|Identify areas vulnerable to high rates of surgical complications||Geospatial Analysis using GIS||Map organisations with high post-surgical infections to pinpoint potential needs for regional training or resource allocation|
|Correlate socioeconomic status with healthcare safety incidents||Network analysis||Trace patterns between low-income areas and higher rates of medication errors|
|Understand the effect of environmental factors on patient safety outcomes||Multilevel Hierarchical Modelling||Analyse area level pollutants and individual level exposures as predictors of increased rates of post operative infections|
|Explore the link between crime, external stressors and patient safety.||Survival analysis
|Investigate if patients from high-crime areas have shorter intervals to hospital readmission post-surgery|
|Assess the impact of patient education on safety outcomes||Difference-in-Differences analysis||Measure reductions in medication mismanagement cases after initiating an educational intervention|
|Compare readmission rates related to social care provision||Causal modelling/Propensity Score Matching||Contrast readmission rates of elderly patients with post-hospitalisation home care against those without|
|Identify high-risk patient pathways through the healthcare system||Latent Class Analysis||Segment patient groups by their encounters with safety incidents to pinpoint areas in care delivery that consistently pose risk|
Notes. By having a massive, interlinked dataset we can apply a range of cutting edge analytic technique to answer a broad range of patient safety-specific research questions.
Project example 2 | A tool for predicting primary care deterioration
A key benefit of cBradford is its scope to explore patient safety beyond acute care and across contexts. We will therefore use linked primary and secondary cBradford data to investigate a previously established indicator of deterioration in primary care (Figure 3) – a key target of the NHS patient safety strategy.
By using variables across linked datasets, we believe we can build predictive models that can not only accurately predict deterioration as defined in Figure 3 above, but also a range of other patient safety indicators (including those we have yet to develop – see the next section).
Once we build and test our models to establish robustness, particularly across socio-demographic indicators, these could be a useful tool in a GPs toolkit for helping them identify and proactively treat vulnerable patients – assuming that the tool was integrated into the GPs workflow in a user-friendly and useful manner (which relates to our other sub-theme work focused on implementation and improvement).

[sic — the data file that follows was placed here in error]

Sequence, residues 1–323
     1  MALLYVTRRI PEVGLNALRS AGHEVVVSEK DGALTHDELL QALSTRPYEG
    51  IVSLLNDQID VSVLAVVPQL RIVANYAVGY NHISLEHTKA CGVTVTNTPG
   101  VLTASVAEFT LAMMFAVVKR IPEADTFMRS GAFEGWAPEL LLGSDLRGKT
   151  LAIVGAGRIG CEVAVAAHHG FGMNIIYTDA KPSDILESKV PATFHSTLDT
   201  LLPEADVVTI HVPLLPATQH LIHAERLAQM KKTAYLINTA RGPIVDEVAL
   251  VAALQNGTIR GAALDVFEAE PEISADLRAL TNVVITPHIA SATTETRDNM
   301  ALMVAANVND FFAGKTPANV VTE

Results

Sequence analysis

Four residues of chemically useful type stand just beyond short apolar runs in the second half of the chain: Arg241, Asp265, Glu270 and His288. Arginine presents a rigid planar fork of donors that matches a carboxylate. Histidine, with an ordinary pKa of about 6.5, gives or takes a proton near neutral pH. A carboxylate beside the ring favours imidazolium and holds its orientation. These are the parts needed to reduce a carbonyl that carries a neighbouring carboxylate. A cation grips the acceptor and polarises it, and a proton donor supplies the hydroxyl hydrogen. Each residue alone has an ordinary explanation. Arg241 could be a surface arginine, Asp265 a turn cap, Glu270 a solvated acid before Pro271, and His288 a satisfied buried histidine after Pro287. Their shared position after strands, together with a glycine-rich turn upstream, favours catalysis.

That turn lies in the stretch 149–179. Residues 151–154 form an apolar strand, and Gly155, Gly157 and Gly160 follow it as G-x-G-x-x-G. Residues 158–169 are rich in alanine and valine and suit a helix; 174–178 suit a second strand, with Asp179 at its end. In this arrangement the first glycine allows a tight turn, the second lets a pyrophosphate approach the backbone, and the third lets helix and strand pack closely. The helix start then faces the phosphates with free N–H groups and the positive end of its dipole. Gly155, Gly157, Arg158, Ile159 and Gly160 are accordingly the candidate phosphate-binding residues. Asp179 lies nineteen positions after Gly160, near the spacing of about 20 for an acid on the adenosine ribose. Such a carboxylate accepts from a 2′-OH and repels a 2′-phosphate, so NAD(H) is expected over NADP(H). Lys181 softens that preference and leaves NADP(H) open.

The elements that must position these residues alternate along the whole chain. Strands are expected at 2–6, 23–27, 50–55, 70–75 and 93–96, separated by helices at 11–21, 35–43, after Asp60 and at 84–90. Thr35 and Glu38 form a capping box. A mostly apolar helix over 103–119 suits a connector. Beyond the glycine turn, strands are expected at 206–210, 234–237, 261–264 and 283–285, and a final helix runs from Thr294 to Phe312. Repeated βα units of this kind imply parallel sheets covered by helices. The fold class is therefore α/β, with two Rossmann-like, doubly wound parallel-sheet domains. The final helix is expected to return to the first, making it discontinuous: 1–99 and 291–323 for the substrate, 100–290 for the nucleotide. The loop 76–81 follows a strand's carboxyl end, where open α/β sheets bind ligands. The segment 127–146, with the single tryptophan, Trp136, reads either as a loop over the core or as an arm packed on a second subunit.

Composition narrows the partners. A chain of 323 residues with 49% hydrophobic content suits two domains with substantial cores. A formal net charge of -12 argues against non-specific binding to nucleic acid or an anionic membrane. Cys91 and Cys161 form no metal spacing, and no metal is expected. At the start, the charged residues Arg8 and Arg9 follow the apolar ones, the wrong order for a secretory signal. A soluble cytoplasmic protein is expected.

Figure 3: Example novel patient safety indicator: ‘Missed’ deterioration
Notes. Here is an example of research where the authors have managed to interlink two data-sources – primary care and emergency care data – to capture a novel patient safety indicator: ‘missed’ acute deterioration. We are currently developing a risk prediction tool to predict this and other outcomes.
Project example 3 | A scoping review of research investigating ‘whole systems integrated data’ (WSID)
While previous published reviews of the literature have evaluated and found positive impacts on patient safety of improving interoperability of electronic health records; sharing of health information between organisations; and standardisation of health information technology, no review has aimed to scope attempts to answer myriad questions related to whole systems integrated data (as visualised in Figure 4) specifically. Nor have they attempted to outline how the interlinking of data across types can be used to generate predictive indicators of patient safety risk before they occur.
So aside from developing, assessing, and user-testing tools as that above, another arm of our work is conducting a scoping review (among several others for other sub-themes) aiming to assess how best to extract insights from whole systems integrated data (WSID) – and how to develop patient safety indicators from it.
Of course, it is one thing having novel indicators of patient safety events, and well-constructed mechanisms (e.g dashboards) for having these reach stakeholders (e.g. doctors). It is another to ensure that this information changes stakeholders’ decisions to improve patient outcomes. As such, as a theme, we are aiming to ensure maximal robustness of all stages of our tools from development to implementation.
Figure 4. Integrated data across a whole system? Conceptual literature model
Notes. The red line indicates where most research has focused: evaluating the effects of the introduction of some data exchange-orientated intervention on health or safety outcomes. The yellow area represents the scope of an example WSID, the grey areas methods of standardisation to improve WSID integration, and the black box to the right outlines some other potential related research focuses aside from outcomes.
Thank you for reading the first of our theme’s blogs. I hope I have given you some insight into our work and thinking at this stage of our development. The above only relates to a subset of our work, and while our sub-themes are highly inter-linked and overlapping, it was felt best to focus on one here for brevity. I encourage anyone interested in viewing more of our work to read the links above or get in touch with me on the email above.